Welcome to The Leap! For this IG Live series, Wethos CEO Rachel Renock sits down with entrepreneurs who took the leap toward working independently or starting their own project.
In this episode, Rachel sat down with Jordan Crump, the founder of The Space Social, a digital marketing agency that creates high-quality social media content for service-based providers. Jordan was in-house doing digital marketing for about five years before being laid off in the midst of COVID — just two days before she had an emergency c-section.
Watch the full interview here or read below to learn more about Jordan’s journey to entrepreneurship, how she balances content creation for herself and her clients, and the biggest misconceptions about social media management.
Note: The following interview has been edited for clarity and length.
RR: I’d love to kick off with a little bit in your own words, tell us a little bit more about your journey to start your own business and how that’s evolved over time.
JC: Like you said earlier, it did start with a layoff, unfortunately. I was listening to a podcast recently that said that to know if someone is successful or not is how they respond to a problem.
I think a lot of us went through a lot of shit with COVID with our jobs. I think there was a lot of uncertainty for a lot of us, and for me, the same thing happened. I was laid off two days before I had an emergency c-section. In some ways, it was nice to be home, in some ways it was really shocking, but that’s what started The Space Social. I decided I didn’t want to work for anybody anymore. I didn’t want to give somebody else the power to lay me off two days before I have a baby. I decided to make the leap and The Space Social LLC was born. It’s been an incredible and hard journey, but I am grateful for it.
RR: Is there anything in particular that helped you sort of push through the initial shock of that crisis moment and then turn it into an opportunity?
JC: I’d say that initially, I didn’t really care. Because I was having a baby, it was kind of something where I was like, I’m going to come back to this when I’m recovered.
But I would be as resourceful as possible. I know that the people who are listening here are very resourceful people, so I would say listen to podcasts. I would say listen to podcasts about what you’re interested in — that’s how I learned a lot about what I do currently. Google’s great, but I think people are more willing to give out information on podcasts.
RR: In terms of your business and how that’s sort of grown or evolved over time, how do you tactically handle growth? How did you grow the business at the start and how has that changed as you’re at a different sort of life stage? Maybe you’re even thinking about scaling? How’s your strategy changed?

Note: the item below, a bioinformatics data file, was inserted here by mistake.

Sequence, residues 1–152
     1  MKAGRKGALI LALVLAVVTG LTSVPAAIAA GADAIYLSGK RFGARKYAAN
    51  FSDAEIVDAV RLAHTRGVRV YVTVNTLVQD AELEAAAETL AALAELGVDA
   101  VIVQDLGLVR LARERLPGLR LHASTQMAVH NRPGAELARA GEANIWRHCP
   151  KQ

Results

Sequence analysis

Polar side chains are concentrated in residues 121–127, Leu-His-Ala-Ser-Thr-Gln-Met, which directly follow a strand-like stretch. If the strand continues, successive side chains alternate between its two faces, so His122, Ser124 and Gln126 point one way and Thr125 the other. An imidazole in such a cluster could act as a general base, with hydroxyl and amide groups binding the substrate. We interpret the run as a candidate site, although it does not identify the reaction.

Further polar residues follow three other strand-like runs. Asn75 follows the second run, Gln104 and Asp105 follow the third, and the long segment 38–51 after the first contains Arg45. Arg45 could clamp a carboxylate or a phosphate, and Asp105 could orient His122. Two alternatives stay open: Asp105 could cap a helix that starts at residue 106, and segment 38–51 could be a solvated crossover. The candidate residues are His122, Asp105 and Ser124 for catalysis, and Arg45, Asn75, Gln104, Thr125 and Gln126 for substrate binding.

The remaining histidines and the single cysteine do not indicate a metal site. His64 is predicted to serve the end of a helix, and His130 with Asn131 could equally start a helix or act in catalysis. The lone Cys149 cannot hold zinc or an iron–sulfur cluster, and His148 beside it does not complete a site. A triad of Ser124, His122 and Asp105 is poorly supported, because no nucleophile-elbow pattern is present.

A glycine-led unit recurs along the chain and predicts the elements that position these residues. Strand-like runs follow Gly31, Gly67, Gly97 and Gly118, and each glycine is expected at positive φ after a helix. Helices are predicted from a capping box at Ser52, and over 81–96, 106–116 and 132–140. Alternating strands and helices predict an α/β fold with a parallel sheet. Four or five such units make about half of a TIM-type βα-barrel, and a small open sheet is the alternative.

JC: I didn’t scale big, but I did scale early. I hired a VA about four months into my business because there was one specific aspect of my business I hated. It made me dread what I did and I felt like I lost creativity over it: engaging [on social media] for my clients. I hate going and leaving comments. I just don’t enjoy it. I love the creativity, but that’s not a part I enjoy. I hired a VA to do that part for me because I was feeling uninspired and she loves it. I ask her all the time, “Are you good? Are you sure you like this?” And she likes it.
I love utilizing her and using her talents. She’s local to Las Vegas as well, I wanted to hire someone in my community. I was paying her $20 an hour at the time for four hours a month. It wasn’t a crazy investment, but it made my job easier. That’s probably my advice.
RR: One thing that we always used to debate when we were scaling was how to communicate to our clients about who is doing the work. It always felt like it was kind of an open secret that you might be talking directly to us but other people may be executing. How do you go about communicating to your clients and making them confident that the quality won’t suffer? Any sort of pushback that you’ve gotten there?
JC: It is an open secret, they see that someone is logging on and sometimes they’re like, “What’s this log on?” And some are like, “Oh yeah, I just assumed you had help.” And some are like, “This isn’t you?” And if I have had to explain I’m like, “This is her passion. We’ve had in-depth conversations about what she’s doing for you, if there’s ever a problem, let me know immediately, but I do need her help.” And I really talk her up as well.